Basilique Sainte Madeleine, Vezelay (Yonne) Photo by Dennis Aubrey

I think he was saying goodbye. We return to France again next year and I can only hope that we see our master at that time. Until that time, we can rest content that he is at peace in the forests of the Morvan.

PJ with Dom Angelico Surchamp in Le Villars

An article on the restoration of Notre Dame de Chartres


Our colleagues at American Friends of Chartres (AFC) have posted an interesting article on the restoration of the Cathédrale Notre Dame de Chartres by AFC Trustee Craig Kuehl. The article includes photographs on some of the restoration work that is proceeding on the stained glass windows of Bay 140, AFC’s current project.

Claire Babet explains the work to be done on Bay 140 (Photo by Craig Kuehl)

Claire Babet explains the work to be done on Bay 140 (Photo by Craig Kuehl)

The first photograph above shows the before/after state of a section of the window that was used for a test-cleaning. The second photo below gives a hint at the enormity of the challenges faced by the stained glass restoration specialist Claire Babet and her team as the windows arrive for processing.

Chartres windows after arriving at Atelier Vitraux of Claire Babet (Photo by Craig Kuehl)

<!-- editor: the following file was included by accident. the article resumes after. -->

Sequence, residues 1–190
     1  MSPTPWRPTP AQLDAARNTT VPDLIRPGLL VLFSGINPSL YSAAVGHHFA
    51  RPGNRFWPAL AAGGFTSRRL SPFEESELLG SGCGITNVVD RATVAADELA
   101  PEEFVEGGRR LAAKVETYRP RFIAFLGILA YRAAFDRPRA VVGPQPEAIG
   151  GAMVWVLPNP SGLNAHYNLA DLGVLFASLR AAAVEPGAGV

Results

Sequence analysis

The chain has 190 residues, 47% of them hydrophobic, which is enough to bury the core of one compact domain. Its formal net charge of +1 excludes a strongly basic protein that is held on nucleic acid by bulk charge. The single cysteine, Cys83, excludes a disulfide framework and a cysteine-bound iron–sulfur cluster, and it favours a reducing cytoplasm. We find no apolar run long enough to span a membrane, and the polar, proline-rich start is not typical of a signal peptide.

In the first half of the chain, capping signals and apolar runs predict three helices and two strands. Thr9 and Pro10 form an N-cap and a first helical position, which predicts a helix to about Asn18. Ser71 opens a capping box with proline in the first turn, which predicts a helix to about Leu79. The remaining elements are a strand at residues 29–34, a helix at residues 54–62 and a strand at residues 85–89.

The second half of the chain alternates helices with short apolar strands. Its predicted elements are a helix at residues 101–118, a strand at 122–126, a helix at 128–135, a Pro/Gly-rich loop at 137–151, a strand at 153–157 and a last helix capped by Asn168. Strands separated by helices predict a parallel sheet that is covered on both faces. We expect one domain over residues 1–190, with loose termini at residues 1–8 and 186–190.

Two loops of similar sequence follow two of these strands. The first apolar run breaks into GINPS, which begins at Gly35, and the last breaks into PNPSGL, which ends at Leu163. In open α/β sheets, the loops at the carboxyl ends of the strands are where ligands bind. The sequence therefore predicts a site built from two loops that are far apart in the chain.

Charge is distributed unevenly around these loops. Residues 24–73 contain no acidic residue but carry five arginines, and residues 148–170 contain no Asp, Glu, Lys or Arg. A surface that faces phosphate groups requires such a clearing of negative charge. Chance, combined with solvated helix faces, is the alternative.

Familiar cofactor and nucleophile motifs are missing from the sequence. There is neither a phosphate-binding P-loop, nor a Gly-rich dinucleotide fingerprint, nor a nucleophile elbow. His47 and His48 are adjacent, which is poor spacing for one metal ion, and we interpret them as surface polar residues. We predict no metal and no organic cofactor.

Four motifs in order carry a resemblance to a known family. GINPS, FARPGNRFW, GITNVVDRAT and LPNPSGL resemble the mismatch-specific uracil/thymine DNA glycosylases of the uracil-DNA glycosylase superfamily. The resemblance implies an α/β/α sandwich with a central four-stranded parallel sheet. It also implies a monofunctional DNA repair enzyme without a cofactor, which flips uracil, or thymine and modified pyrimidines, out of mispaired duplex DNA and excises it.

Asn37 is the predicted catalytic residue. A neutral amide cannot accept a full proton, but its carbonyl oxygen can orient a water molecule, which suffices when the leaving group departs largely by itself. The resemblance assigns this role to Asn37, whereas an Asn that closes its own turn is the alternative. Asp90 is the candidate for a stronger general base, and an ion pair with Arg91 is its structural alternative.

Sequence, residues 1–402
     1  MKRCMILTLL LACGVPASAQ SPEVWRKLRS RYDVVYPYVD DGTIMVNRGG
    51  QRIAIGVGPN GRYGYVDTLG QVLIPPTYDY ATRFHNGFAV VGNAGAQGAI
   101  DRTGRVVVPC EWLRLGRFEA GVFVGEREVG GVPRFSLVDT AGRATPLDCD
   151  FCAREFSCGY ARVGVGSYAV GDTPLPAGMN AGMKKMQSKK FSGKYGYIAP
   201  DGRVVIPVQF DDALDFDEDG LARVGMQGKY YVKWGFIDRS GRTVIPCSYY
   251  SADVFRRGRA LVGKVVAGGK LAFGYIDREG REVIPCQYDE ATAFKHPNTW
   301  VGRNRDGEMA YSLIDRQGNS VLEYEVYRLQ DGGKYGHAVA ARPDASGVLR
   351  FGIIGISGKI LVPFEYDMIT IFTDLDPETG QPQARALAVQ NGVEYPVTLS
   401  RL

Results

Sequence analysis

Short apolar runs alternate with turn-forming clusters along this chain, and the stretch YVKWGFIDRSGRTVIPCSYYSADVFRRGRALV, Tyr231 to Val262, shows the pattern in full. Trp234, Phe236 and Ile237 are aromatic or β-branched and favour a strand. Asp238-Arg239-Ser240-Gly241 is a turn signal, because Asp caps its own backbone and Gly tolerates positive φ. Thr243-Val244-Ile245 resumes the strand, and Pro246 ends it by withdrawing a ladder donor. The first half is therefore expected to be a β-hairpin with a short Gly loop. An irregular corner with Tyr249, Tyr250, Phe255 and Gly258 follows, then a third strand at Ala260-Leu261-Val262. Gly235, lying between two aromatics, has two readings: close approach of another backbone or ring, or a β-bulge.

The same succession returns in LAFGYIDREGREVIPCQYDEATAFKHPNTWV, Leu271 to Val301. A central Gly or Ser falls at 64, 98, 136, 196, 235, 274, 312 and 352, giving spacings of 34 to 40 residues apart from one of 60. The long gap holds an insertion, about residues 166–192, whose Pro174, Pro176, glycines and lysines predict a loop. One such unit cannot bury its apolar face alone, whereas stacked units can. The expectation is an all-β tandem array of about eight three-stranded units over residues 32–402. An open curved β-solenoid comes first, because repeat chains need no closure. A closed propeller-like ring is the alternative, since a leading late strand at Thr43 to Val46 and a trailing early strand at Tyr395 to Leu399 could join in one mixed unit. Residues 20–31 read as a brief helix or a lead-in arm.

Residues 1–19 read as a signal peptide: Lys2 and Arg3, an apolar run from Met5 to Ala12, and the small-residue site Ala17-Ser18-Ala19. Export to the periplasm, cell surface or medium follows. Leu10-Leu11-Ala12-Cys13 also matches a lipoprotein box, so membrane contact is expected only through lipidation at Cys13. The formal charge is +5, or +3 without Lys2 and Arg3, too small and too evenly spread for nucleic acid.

Chartres windows after arriving at Atelier Vitraux of Claire Babet (Photo by Craig Kuehl)

The artisans of Claire BABET Vitraux must disassemble the entire window, clean and process each individual piece of glass, and then remount the ensemble to its original form.

Removing the lead lining  (Photo by Craig Kuehl)

Removing the lead lining (Photo by Craig Kuehl)

These photos and this article are an excellent introduction to the nature of the work being done to preserve and restore the treasures of the cathedral. We’ll try to keep you posted on the work as American Friends of Chartres helps Bay 140 comes back to brilliant life.

The Barbarians have breached the gates


There are no words.

The Destruction of History (Dennis Aubrey)


So many times we have written about the destruction of the great Romanesque and Gothic churches that we photograph. The litanies are endless and the wars tiresome in their repetition. The Hundred Years War, the Wars of Religion, the French Revolution, World War I and World War II have all taken a huge toll on these magnificent buildings. But to witness the destruction taking place before our eyes brings a completely new dimension to my personal agony. In our article on the Taliban’s demolition of the Buddhas of Bamyan and the systematic destruction of the Cathédrale Notre Dame de Reims in World War I, we touched on this.

The news the last few days is about ISIS attacking artifacts, some of them identified as antiquities from the seventh century B.C., with sledgehammers and drills, saying they were symbols of idolatry.

Assyrian statues of winged bulls

Assyrian statues of winged bulls

Now we have word that ISIS has defaced and destroyed artifacts in Mosul, including Assyrian statues of winged bulls from the Mesopotamian cities of Ninevah and Nimrud. Video released by the newest barbarians to assault the cultural history of humanity shows a man using a power drill to deface the works.